Publication Date




Published as a Technical Report of the Catholic University of Pelotas, Brazil, January 2004.


In many real-life situations, we are interested in the physical quantities that are difficult or even impossible to measure directly. To estimate the value of such quantity y, we measure the values of auxiliary quantities x1,...,xn that are related to y by a known functional relation y=f(x1,...,xn), and we then use the results Xi of measuring xi to find the desired estimate Y=f(X1,..,Xn). Due to measurement errors, the measured values Xi are slightly different from the actual (unknown) values xi; as a result, our estimate Y is different from the actual value y=f(x1,...,xn) of the desired quantity.

When xi and y are numbers, then the measurement accuracy can be usually represented in interval terms, and interval computations can be used to estimate the resulting uncertainty in y. In some real-life problems, what we are interested in is more complex than a number. For example, we may be interested in the dependence of the one physical quantity x1 on another one x2: we may be interested in how the material strain depends on the applied stress, or in how the temperature depends on a point in 3-D space; in all such cases, what we are interested in is a function. We may be interested in even more complex structures: e.g., in quantum mechanics, measuring instruments are described by operators in a Hilbert space, so if we want to have a precise description of an actual (imperfect) measuring instrument, what we are interested in is an operator.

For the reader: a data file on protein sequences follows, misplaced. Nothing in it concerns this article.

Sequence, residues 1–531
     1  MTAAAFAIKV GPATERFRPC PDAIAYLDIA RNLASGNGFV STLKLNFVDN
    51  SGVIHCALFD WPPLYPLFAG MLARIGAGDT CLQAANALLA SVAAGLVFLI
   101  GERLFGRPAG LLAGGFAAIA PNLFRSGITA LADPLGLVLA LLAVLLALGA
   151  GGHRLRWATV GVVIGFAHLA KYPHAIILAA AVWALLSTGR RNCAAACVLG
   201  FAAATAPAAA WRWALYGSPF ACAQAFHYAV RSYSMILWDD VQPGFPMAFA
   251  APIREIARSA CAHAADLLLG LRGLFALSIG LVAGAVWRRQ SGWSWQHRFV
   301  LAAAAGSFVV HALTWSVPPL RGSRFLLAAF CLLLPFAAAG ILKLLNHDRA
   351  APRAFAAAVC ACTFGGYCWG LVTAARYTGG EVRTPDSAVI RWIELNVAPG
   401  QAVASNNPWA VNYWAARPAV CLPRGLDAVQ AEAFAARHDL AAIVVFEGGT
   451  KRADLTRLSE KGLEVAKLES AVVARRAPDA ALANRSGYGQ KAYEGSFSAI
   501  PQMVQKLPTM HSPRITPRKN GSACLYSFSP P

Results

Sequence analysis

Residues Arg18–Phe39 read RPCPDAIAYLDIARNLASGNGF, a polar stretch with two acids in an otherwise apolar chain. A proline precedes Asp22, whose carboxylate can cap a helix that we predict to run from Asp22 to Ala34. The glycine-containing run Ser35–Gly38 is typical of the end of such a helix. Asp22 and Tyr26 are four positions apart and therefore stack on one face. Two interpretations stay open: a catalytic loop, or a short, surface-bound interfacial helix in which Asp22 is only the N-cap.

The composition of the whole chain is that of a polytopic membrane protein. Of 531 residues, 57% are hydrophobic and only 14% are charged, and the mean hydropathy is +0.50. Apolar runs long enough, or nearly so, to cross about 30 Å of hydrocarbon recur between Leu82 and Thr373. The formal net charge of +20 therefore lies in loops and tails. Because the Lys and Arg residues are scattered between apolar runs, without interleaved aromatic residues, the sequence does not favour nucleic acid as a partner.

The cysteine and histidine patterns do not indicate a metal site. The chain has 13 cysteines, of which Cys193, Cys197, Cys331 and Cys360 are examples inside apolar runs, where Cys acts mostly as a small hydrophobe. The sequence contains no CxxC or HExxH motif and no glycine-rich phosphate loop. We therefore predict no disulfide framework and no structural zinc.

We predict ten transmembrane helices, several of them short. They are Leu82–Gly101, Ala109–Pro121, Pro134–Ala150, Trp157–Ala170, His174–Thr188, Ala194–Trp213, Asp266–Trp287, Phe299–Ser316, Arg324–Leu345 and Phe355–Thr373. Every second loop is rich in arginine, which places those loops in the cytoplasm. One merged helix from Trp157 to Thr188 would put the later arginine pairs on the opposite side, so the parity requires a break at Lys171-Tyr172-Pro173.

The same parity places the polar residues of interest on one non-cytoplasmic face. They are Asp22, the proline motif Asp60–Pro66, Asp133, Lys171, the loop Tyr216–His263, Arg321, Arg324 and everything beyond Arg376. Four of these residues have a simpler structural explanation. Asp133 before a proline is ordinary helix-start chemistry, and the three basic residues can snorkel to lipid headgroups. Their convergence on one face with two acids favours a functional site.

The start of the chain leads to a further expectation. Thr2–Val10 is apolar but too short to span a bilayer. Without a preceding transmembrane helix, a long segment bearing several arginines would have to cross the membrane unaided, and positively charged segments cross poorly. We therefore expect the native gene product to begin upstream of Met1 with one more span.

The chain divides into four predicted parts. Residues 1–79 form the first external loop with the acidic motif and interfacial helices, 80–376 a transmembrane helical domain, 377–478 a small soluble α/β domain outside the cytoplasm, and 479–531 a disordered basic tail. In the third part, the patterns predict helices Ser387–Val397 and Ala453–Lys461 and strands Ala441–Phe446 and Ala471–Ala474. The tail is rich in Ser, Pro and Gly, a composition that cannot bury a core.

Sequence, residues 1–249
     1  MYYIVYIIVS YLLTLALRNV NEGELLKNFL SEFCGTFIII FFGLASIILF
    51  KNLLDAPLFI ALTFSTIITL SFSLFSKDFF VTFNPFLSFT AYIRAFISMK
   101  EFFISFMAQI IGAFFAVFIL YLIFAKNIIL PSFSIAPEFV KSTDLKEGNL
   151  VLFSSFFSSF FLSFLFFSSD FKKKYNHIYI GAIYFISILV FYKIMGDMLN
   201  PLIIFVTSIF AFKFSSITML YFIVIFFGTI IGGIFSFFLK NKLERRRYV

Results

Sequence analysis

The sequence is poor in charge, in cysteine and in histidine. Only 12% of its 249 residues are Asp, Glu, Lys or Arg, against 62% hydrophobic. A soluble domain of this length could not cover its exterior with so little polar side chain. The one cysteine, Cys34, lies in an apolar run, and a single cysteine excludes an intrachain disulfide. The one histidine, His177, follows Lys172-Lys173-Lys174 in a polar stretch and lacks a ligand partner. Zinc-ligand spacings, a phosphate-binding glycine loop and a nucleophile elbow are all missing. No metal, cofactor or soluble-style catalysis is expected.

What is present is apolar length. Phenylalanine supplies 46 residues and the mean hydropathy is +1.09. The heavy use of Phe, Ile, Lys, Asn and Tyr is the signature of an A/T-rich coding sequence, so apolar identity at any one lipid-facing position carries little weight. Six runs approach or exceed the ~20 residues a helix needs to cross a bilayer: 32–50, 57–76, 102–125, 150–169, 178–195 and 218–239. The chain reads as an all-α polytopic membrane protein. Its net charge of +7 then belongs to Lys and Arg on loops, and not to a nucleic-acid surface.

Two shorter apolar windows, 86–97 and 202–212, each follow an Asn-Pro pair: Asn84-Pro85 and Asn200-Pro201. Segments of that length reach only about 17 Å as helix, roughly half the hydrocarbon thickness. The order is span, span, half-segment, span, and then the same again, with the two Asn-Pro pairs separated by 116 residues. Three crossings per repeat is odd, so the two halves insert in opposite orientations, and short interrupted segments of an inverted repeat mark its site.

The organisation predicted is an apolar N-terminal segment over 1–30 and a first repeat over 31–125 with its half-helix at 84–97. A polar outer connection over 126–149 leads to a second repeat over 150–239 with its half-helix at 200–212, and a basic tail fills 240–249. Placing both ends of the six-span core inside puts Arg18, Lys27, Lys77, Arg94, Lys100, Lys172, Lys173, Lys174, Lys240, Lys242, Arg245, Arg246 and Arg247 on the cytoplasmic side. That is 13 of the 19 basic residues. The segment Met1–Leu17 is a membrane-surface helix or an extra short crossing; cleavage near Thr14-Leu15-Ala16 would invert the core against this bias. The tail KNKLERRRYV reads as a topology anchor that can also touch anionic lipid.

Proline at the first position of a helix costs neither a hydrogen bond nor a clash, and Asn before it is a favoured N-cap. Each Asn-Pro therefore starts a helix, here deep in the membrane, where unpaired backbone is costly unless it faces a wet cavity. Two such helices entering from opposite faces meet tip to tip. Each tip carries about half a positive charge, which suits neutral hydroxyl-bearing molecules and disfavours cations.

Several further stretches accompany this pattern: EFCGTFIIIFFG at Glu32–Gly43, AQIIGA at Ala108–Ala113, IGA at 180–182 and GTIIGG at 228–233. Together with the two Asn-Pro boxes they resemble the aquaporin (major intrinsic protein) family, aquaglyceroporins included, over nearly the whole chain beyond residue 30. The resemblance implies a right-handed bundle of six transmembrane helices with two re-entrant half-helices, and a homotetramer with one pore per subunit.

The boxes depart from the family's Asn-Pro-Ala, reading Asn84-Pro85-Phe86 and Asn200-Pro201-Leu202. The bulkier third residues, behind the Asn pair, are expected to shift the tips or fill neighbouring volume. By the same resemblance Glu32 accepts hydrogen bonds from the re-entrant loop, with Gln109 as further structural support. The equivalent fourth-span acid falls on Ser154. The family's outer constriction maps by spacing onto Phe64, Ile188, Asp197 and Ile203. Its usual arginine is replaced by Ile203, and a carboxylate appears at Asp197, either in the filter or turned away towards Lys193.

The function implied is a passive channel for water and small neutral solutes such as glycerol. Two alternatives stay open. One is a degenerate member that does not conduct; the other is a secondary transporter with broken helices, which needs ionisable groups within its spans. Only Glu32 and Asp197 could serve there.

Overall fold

For many of such mathematical structures, researchers have developed ways to represent uncertainty, but usually, for each new structure, we have to perform a lot of complex analysis from scratch. It is desirable to come up with a general methodology that would automatically produce a natural description of validated uncertainty for all physically interesting situations (or at least for as many such situations as possible). In this paper, we produce the foundations for such a methodology; it turns out that this problem naturally leads to the technique of domains first introduced by D. Scott in the 1970s.